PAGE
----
It is important to take time and consider what accessories are needed in a vivarium, as these items can be used to mimic an animal’s natural habitat and reduce stress. Overplanting and overfurnishing a vivarium may make prey capture difficult for the animal. Plastic plants can be used to landscape a vivarium and are easily disinfected. Live plants can also be used and have the benefit of increasing environmental humidity. It is important to only use live plants that are known to be nontoxic, as prey being offered to amphibians may eat the live plants and transfer any toxin to the amphibian.6 If live plants are chosen, the pet owner should check to see if harmful pesticides or fertilizers have been used. Live plants may be contaminated with parasitic ova (e.g., from Florida, where tree frogs live in the plants). Recently acquired live plants should be cleaned and their soil should be replaced to reduce the likelihood of contaminating the vivarium with unwanted pathogens. Aquatic plants can harbor snails, which can introduce parasites to a vivarium as they serve as intermediate hosts for a number of parasites.
“Furniture” considerations for a vivarium may include large rocks, branches, shelters, and waterfalls. Traumatic injuries may occur with such items if they are not secured, and all furnishings should have smooth edges. These items should also be conducive to sterilization or disinfection. Bear in mind that porous objects may retain disinfectants. Proper rinsing is critical. Shelter type will depend on the natural camouflage of the animal and should be provided. Such accessories are easily created (Figure 5-9).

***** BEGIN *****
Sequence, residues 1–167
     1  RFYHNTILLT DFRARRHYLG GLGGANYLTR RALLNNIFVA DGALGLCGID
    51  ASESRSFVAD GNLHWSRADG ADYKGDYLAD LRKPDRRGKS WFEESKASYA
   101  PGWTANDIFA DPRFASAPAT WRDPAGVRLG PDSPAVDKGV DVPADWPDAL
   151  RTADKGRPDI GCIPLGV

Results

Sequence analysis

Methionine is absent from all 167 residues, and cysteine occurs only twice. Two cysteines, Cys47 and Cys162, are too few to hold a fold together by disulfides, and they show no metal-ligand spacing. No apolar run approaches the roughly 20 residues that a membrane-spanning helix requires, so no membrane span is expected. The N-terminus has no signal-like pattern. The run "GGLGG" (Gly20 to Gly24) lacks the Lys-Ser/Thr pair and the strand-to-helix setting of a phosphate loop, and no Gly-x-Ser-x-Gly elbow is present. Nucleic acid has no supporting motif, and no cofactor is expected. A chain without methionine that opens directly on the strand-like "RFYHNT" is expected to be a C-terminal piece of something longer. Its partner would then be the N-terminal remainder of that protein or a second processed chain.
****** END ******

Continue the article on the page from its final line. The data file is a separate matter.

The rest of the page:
Veterinarians working with amphibians should maintain hospital tanks to treat cases presented to their facility. Smaller plastic containers with snap-on lids and small doors on the lid make access to the animal easy and safe. Bubble wrap placed on the bottom of the hospital tank provides a soft substrate, which stays moist and is atraumatic. Plastic wrap placed around the entire tank can be used to help maintain humidity, but the habitat should be serviced enough to provide adequate ventilation. This is not recommended for permanent or semipermanent housing, where the air may stagnate and predispose amphibians to conditions like pneumonia. Sphagnum moss, if used, should be thrown out weekly or when soiled, or more frequently if the patient has a known infectious disease. The hospital tank should be easily disinfected.
Premetamorphic anurans are typically herbivorous, although obligate (e.g., poison dart frogs) and opportunistic carnivory occur. Once metamorphosis is complete, amphibians become carnivorous. Although primarily insectivorous, anurans may also consume fish, other amphibians, reptiles, rodents, and birds. In caudates and caecilians, larval and adult forms are carnivorous.